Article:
Public input wanted for Bluffside Farm trail connector, meeting tomorrow

in Newport/News

NEWPORT — Construction of the final car-free link in the seven-mile, recreational trail connecting downtown Newport with trails in Canada is on track, but planners are first seeking residents’ input.

A project update is scheduled for Thursday, October 17, at 5:30 p.m.

The update will be held in the Newport Municipal Building, located at 222 Main Street, in the Council Room.

The car-free trail would reroute the existing Newport bike path across Scott’s Cove with a bridge.

The proposed bridge will connect Prouty Beach and Bluffside Farm, owned by the Vermont Land Trust.

The Bluffside Farm trail will also connect to the Beebe Spur Rail Trail, a four-mile rail-trail that spans the eastern shore of Lake Memphremagog toward Canada.

The project is on track, and construction is scheduled to start in Spring 2020.

However, VLT and project consultants are seeking public input on the trail before moving forward.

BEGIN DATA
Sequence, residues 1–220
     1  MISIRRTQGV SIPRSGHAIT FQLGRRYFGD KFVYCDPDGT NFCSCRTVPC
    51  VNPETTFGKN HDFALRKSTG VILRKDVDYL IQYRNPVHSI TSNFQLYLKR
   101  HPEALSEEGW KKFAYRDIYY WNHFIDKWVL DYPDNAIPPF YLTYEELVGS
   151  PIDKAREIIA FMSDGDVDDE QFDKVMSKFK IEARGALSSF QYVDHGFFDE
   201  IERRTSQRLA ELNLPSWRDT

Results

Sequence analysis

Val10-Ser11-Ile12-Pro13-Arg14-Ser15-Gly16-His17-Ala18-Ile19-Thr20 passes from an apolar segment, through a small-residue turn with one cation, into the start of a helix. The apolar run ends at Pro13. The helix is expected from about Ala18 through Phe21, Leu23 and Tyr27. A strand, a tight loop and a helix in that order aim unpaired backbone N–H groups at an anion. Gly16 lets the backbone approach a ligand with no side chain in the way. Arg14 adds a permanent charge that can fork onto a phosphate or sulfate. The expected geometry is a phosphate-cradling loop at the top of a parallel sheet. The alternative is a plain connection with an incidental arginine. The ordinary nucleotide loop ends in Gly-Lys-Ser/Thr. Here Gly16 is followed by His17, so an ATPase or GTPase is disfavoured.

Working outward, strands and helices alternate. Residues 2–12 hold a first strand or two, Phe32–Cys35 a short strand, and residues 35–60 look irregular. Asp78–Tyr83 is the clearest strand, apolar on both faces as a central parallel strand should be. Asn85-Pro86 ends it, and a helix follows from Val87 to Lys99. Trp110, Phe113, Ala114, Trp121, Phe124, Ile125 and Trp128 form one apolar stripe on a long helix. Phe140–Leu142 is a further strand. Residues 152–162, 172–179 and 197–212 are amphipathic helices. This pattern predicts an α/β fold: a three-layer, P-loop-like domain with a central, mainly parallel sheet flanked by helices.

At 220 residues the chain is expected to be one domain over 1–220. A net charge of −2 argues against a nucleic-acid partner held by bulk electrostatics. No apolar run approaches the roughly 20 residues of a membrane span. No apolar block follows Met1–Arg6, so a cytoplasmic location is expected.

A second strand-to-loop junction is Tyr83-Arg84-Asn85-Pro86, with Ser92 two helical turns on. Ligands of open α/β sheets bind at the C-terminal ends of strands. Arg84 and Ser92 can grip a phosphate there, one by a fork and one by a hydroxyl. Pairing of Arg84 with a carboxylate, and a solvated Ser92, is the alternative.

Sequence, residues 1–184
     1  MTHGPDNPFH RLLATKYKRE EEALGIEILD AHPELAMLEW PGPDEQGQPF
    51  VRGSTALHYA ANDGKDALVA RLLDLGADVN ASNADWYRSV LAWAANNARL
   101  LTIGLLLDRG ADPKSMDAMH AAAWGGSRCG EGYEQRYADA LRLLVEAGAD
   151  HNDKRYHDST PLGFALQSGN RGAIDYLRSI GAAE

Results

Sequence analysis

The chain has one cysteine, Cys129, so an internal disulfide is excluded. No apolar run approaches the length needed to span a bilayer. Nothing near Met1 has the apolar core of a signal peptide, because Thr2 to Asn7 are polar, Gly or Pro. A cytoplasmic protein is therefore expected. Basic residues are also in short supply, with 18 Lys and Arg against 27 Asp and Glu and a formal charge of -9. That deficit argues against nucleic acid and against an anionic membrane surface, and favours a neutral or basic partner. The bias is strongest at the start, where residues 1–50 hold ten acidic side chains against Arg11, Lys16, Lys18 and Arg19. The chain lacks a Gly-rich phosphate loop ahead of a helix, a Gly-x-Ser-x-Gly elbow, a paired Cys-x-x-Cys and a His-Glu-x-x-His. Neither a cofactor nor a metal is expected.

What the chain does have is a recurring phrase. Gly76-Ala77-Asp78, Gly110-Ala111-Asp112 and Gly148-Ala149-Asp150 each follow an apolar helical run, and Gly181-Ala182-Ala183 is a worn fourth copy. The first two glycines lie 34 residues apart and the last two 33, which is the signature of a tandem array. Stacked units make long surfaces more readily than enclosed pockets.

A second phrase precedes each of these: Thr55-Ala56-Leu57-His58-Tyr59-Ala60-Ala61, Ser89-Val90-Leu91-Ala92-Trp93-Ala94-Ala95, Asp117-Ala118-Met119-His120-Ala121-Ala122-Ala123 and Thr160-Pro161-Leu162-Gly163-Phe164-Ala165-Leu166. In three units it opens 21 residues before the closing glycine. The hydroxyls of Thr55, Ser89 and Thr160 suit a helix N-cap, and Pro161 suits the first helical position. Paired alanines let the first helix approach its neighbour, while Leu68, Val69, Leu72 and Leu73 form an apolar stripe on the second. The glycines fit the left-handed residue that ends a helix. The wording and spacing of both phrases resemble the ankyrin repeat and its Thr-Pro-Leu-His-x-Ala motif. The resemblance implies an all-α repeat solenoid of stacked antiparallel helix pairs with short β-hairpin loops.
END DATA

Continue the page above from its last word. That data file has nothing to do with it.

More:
The presentation and input session will be part of the Newport Recreation Committee meeting, and it will be open to the public.

In 2018, VLT raised the $1.2 million to build the Bluffside Farm section of the trail.

Currently, trail users must travel vehicular roads to get from one of these trails to the other.

In July 2019, VLT contracted with DeWolfe Engineering Associates to develop the engineering plans for the proposed bridge and bike path.

In August, geoengineers from S.W. Cole Engineering, Inc., took soil samples from around Scott’s Cove.

The results show that it is safe to build the bridge and boardwalk across the waterway.

VLT purchased Bluffside Farm, a former dairy farm located on Scott Farm Road on Lake Memphremagog, in December 2015.

Following public meetings and farm tours, VLT and community members identified recreation, farming, and nature as priorities for the land.

The farm has been open to the public since its purchase and is used by community members for walking, skiing, and hunting, local schools as an outdoor classroom, and the Vermont Youth Conservation Corps to grow vegetables for North Country Hospital and Northern Vermont Regional Hospital.

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